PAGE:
How To Go Green And Save Money in Spain
One of the main reasons people put forward for not “going green” is the associated cost. We’ve rounded up some of the ways you can help the planet as well as your pocket.
Convert The “3 Rs” into “4 Rs”
As well as “reduce, reuse and recycle”, try adding a new word to the list: “refuse”.
How often do you go out to eat but never eat the bread that’s placed on the table? When you attend an event do you collect free pens, plastic items and more that just ends up in the trash? Start to say no!
Visit Your Local Market
Buying organic at big supermarkets is expensive, but visiting your local market is cheaper and the produce will probably be better quality too.
Food will normally have travelled a shorter distance, helping reduce the carbon footprint. And as a bonus you’ll be supporting small local businesses.
Use A Green Energy Supplier
Electricity all goes through the same network, so you can’t guarantee receiving 100% green energy (unless you’re off-grid). However there are companies that produce 100% green energy, if demand increases so will supply over time.
Take a look at our energy comparison website to see if you can save money and use a green supplier too.
Reduced Electric Consumption At Home
Unplug all unused items, and get everyone in the family involved (yes, you’ll have to put up with their complaining!) Although consumption is low, wasting electricity soon adds up on your annual bills and is a burden on the environment.
Don’t have the air con make your home into a fridge in the summer, or the heating turn it into an oven in the winter. Adjust the temperature a couple of degrees, you’ll still be confortable but you’ll save and use less energy.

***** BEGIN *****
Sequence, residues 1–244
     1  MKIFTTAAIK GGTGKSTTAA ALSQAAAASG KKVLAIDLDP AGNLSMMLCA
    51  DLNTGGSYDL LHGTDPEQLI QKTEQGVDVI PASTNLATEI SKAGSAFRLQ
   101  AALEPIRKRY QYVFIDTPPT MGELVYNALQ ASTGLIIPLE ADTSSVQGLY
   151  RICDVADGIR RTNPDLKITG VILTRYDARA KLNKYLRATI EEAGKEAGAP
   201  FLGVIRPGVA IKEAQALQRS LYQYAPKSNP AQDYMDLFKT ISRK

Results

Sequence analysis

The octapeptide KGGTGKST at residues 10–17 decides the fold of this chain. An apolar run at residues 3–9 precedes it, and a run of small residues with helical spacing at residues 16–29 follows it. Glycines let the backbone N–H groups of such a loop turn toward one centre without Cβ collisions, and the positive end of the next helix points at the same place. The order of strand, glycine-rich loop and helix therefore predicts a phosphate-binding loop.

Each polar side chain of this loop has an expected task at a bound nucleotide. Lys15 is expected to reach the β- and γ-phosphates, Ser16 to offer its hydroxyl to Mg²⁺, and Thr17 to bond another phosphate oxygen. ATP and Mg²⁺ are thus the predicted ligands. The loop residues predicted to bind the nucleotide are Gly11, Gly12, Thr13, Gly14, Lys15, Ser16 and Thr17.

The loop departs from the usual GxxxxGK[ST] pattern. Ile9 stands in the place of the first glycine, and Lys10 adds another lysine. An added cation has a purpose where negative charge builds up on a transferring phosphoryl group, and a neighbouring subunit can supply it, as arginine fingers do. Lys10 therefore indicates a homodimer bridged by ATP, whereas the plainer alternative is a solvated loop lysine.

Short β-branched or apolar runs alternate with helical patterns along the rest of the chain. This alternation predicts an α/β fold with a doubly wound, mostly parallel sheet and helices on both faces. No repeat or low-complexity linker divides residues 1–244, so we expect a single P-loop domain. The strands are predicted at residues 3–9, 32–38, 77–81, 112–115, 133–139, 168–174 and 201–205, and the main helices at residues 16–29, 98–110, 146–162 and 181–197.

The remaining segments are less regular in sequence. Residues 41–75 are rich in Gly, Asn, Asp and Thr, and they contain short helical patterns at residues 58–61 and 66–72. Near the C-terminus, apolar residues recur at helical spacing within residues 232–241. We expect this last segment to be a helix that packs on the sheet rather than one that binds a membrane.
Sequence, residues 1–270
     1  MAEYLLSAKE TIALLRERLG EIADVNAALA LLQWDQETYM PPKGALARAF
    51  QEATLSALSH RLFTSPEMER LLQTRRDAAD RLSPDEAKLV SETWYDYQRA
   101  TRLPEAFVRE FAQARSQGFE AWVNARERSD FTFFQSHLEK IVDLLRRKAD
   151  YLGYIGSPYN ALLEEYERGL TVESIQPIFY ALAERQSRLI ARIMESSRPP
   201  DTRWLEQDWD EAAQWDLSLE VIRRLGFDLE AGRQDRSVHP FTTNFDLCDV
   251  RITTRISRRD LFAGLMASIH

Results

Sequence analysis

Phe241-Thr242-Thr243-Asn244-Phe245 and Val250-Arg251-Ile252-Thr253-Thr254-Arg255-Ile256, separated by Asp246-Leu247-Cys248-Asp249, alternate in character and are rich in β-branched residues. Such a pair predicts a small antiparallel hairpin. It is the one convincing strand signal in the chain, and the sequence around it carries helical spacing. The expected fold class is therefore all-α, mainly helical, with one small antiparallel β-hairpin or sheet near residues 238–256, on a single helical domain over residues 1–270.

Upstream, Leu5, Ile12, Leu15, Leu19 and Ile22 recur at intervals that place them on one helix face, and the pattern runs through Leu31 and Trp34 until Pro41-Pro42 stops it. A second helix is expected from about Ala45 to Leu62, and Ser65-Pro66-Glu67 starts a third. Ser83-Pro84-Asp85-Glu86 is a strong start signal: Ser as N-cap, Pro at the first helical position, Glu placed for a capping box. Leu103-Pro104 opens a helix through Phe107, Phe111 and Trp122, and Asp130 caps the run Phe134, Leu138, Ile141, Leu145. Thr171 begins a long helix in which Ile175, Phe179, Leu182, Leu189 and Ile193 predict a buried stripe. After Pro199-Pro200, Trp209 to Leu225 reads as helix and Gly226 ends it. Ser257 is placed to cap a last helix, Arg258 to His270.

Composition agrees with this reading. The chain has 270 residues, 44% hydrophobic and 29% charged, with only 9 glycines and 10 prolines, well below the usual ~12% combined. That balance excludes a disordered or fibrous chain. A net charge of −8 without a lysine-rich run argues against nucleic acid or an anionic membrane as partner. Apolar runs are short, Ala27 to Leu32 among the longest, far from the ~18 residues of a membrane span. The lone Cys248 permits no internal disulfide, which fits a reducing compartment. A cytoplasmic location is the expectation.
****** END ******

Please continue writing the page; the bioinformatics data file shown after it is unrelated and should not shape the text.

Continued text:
Coffee On The Go
Disposable coffee cups are used at multiple coffee shops across Spain, not just at Starbucks. Although the number of cups discarded every day is not at the same levels as other countries such as the UK, it’s still a good idea to consider alternatives.
Buy a KeepCup (or similar), take it when you’re out and about in a city and cut down on waste.
Starbucks stores sell a reusable plastic coffee cup that costs 3€ and they also discount 0.40€ off coffee when you take your own mug. Expect other coffee chain stores to follow as they expand across the country.
Spain is the third country in the world with the highest usage of coffee capsules: around 1.5 million people have between 2 to 3 cups of coffee every day. This means over 2 million capsules going in the trash as only a fifth of users recycle them.
Dolce Gusto capsules for tea, chocolate, milk and coffee with milk (in a single capsule) go in the yellow recycling containers in the street. Nespresso have recycling collection points in stores.
Across Spain many local “punto limpio” (municipal recycling centre) have installed specific containers for coffee capsules, check locally.
Bio capsules are also available; look for Cabú Coffee, Café Etico or Café Novell.
Vouchers For Recycling Clothes
Take along used clothing or textiles to H&M stores (check if your local store participates) and get a voucher for your next purchase.
Also at Intimissimi stores when their campaign is on (normally Mar & Apr) you’ll get a 10€ voucher for every 5 items taken for recycling. Items must be women’s or men’s knitwear, pyjamas or underwear.
Ditch Single-Use Plastic Water Bottles And Straws
Invest in a bottle such as a Chilly’s water cooler and refill at home. Before buying make sure that the seal really works – check the reviews on Amazon.
For straws, take a look at stainless steel reusable straws, some packs come with a cleaning brush. Bamboo straws are another alternative, once they are no longer usable the material is biodegradable.
If you still get items through the post, switch to online statements and bills.
When shopping online opt to receive items in a single delivery even if you have to wait a few more days to cut down on the number of boxes.
Avoid Wasting Food
Every year each household in Spain throws away around 250€ in food waste.
Reduce wastage at home by not overbuying, planning ahead, batch cooking and freezing.
Restaurant chains in Spain will normally have no issues with preparing your leftovers, such as pizza, for you to take home. However in smaller restaurants you may get strange looks if you ask to take leftovers home, it’s just a matter of changing habits.
There are lots of websites and YouTube videos with tips, just search for “leftovers recipes”.